Murder is not just murder by numbers
The number 57 has murdered sleep. If 57 people are murdered every day, no wonder we're having sleepless nights. And no wonder SA is ranked sixth-lowest out of 142 countries in the Gallup Law and Order Index, which measures perceptions of personal safety.
Statistics do not give the whole picture, however. Guy Lamb, director of UCT's Safety and Violence Initiative, said the inhabitants of some nations surveyed by Gallup might not feel safe enough to be honest about how unsafe they felt, which could explain why countries run by warlords scored better than SA.
South Africans are not afraid to admit to being afraid, and the latest victim numbers have considerably raised our fear factor. But why do we count only the victims?
Murder victims deserve to be counted, and no-one should diminish the emotional and economic devastation wrought by the unnatural deaths of mothers and fathers, sons and daughters, sisters and brothers, wives and husbands - but our outrage should be directed at the killers. Just how many of them are there, and who are they?
Outrage, by the way, does not justify the oxymoron "mob justice", which contributes significantly to the murder statistics. Vigilantes who kill suspected murderers are also murderers.
Which brings us back to the missing numbers. It seems fair to assume that a lot of murders are committed by more than one person. In addition to active participants, many murders happen in front of other people, and many murderers are protected by other people, making all those people accessories to murder.
Let's take a conservative guess that for every murder victim there are on average five guilty parties. That makes 285 people a day who cause another person's life to end prematurely. And most of them walk freely among us.
A study by the department of justice found that only one in 10 reported murder cases resulted in a conviction within two years of the crime. This was published in 1997, but there does not appear to have been significant improvement, and the report's conclusion is as relevant today as it was 20 years ago: "Very low conviction rates are an incentive to criminals. We cannot expect to see a significantly lower incidence of crime in SA until investigation and prosecution improves dramatically."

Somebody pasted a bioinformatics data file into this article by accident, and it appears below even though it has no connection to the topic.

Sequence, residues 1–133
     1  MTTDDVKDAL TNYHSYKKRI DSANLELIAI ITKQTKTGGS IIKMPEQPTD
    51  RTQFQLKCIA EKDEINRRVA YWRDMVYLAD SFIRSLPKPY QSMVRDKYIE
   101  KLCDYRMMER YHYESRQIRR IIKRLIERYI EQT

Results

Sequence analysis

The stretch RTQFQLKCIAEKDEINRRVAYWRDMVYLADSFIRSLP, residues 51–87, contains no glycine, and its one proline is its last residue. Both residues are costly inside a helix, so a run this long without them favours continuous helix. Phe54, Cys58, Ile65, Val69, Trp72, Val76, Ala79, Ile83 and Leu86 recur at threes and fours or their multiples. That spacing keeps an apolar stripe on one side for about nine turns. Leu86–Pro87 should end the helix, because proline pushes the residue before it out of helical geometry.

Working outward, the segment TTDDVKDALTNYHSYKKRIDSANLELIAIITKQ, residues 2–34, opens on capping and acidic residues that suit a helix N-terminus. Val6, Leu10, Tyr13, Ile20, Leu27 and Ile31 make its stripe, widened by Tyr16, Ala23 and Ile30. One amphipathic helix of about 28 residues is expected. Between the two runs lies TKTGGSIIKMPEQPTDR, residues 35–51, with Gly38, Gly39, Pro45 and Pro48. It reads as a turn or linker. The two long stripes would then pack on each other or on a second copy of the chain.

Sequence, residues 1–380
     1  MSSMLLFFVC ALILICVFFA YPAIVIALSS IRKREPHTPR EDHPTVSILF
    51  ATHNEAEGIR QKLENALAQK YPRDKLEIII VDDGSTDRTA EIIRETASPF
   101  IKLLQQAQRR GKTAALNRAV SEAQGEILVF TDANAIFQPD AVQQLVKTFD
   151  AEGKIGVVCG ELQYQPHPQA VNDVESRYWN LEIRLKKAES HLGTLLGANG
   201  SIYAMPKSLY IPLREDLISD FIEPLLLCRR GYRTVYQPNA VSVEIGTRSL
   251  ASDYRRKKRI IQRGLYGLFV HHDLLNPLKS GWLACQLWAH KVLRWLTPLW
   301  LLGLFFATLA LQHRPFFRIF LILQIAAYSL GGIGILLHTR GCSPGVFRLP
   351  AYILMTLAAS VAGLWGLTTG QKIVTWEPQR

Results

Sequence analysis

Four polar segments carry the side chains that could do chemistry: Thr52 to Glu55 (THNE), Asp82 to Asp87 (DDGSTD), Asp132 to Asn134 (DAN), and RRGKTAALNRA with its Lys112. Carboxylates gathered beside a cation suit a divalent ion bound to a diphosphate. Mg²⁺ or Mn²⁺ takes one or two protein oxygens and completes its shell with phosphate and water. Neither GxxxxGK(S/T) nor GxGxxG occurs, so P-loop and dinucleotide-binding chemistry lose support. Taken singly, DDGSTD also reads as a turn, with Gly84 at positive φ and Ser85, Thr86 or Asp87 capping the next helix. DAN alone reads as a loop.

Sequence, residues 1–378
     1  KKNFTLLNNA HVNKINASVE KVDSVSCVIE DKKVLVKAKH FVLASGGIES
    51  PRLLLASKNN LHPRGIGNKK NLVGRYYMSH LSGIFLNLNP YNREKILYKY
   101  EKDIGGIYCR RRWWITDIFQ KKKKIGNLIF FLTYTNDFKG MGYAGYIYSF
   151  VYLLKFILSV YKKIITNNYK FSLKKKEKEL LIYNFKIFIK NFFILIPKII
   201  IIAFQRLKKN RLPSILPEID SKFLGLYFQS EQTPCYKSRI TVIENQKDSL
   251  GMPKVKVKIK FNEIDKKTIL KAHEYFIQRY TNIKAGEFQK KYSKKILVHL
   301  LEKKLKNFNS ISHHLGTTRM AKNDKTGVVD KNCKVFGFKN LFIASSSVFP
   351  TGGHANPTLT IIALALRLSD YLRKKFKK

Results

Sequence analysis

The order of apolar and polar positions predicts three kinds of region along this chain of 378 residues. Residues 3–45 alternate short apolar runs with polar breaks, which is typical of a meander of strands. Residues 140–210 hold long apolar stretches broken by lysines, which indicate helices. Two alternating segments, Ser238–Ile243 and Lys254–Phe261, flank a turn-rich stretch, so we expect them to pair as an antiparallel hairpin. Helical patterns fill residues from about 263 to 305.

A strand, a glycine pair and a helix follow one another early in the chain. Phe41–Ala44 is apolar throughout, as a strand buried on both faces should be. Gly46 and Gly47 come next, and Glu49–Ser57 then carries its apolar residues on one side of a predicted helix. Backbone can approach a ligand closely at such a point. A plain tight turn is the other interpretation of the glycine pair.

The number 285, conjecture though it might be, is more terrifying than the number 57. How are we supposed to sleep, knowing that every year 100,000 names are added to the list of people who might harm us?
But wait now. On that list there are certainly murderers of whom we should be afraid. There are vile and vicious individuals who cold-bloodedly kill old ladies and children. But the number 285 also includes some people who did not mean to commit murder, many people who will never commit murder again (whether convicted or not) and some whose criminal status is a matter of some debate.
One of these is biotechnology professor Sean Davison, who helped his terminally ill mother and, more recently, a quadriplegic friend end their lives, at their request, because they did not wish to go on suffering. Active euthanasia is not yet legal in SA and so Davison has been charged with murder.
Now, while most South Africans double-check their locks at night, no-one does this because they're worried about Davison paying them a visit. On the contrary, he has helped quite a few people sleep easier. During the Truth and Reconciliation Commission he used advanced DNA analysis to identify murder victims buried in mass graves, and the forensic rape kit he developed - which is provided free to the police - has enabled the identification and prosecution of those who committed gang rape.
So, while the crime rate in SA is abominably high, and while we are not wrong to be cautious, it is some small comfort to remember that statistics never tell the whole story.
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